Businesses have had to completely change the way they have worked over the last few months. Working practices that were inconceivable before the pandemic have now been adopted and, in many cases, are becoming the ‘norm’.
As recruiters with many years’ experience, we would suggest that as everything else has been thrown up in the air, now is a good time to rethink who you recruit. Traditionally, you may well have rolled out a job description previously used in an effort to not reinvent the wheel, but with the wheel now spinning in a very different way, revisiting what is required in a role seems sensible.
Before reading anything else in the article, I should declare my hand – I am a huge fan of soft and transferable skills and in my own businesses have often focused more on recruiting people who have attributes I look for than actual experience in the field of recruitment. This approach has usually worked well for Parkhouse Bell and I’ve been lucky to secure some excellent people who were looking for a career change and didn’t have recruitment experience.
The soft skills I particularly value are (in no particular order): strong work ethic, emotional intelligence, communication skills, critical thinking, teamwork, motivation and organisation. When interviewing I do, of course, have a position description that outlines what tasks are involved in the job a candidate is being interviewed for but the majority of questions asked in interview are around the soft skills I’m looking for.
A lot of time and effort has been put into devising questions that will encourage candidates to talk about the approach and attitude they have taken or would take to the given questions. This style of interviewing requires very active listening and the interviewer has to be disciplined to ensure they are not hearing what they want to hear. It also needs some bravery as the interviewer can’t rely on a competency-based tick sheet where it’s easy to evidence why someone meets a job description.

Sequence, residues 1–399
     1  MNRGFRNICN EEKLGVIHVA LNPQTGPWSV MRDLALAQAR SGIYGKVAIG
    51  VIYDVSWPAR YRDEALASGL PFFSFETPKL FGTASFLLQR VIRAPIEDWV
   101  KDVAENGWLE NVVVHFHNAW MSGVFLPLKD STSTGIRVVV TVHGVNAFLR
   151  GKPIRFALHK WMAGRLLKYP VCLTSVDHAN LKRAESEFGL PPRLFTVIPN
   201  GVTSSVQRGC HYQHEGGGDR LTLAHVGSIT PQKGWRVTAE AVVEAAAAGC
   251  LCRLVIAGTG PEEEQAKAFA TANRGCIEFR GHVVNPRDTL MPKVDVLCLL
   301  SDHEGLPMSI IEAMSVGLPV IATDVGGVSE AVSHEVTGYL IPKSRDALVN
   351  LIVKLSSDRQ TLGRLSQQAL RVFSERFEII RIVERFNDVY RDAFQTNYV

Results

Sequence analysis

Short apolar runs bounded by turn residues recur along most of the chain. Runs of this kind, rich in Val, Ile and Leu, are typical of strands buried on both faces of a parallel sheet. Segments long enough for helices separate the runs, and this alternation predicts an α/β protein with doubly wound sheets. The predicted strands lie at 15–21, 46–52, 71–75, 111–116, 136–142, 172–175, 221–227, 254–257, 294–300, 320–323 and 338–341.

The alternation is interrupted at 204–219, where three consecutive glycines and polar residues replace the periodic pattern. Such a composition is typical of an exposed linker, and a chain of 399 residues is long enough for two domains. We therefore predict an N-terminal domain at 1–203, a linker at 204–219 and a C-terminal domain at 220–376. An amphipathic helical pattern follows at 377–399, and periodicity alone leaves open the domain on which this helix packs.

I will leave you with a story which was my ‘ah ha moment’ and which I hope will help you think about your approach to interviewing.
Several years ago, I was asked to sit in on some interviews held by a company with a view to providing an objective third party view of candidates. My role was a non-speaking one (very tough for those of you who know me) and I was asked to contribute to the scoring of the competency-based questions that had been devised internally by the company. The interviews progressed as one would expect and at the end of a long (often boring) day, a candidate came in who gave gold star, text-book answers to the competency questions. I could feel the excitement of the interview panel – at the eleventh hour, we had found our person! Something wasn’t sitting right with me, however, and despite my non-speaking part, I asked the candidate at the end of the hour-long interview, why she thought this was the right role for her. I will never forget the almost audible groan of the panel when she replied that she didn’t really want this job as she wanted a change of direction in her career and ideally wanted to work part time so she could study. In other words, she could do the job according to the description standing on her head but was lacking the motivation for it and so, in my view, employing her would have been a waste of time and money for everyone.
So, to return to the original premise, focusing on soft skills over whether someone has done the exact same role before, could well pay dividends for your company. Whilst we are changing almost everything else we are doing at the moment, why not take the time to have a major modification to your approach to recruitment, particularly as people have had time to think about their motivation for working, who they want to work with and how they want to work, whether or not they enjoy working outside a traditional office/team environment and how well they have actually been able to organise themselves over the last few months … there’s that list again!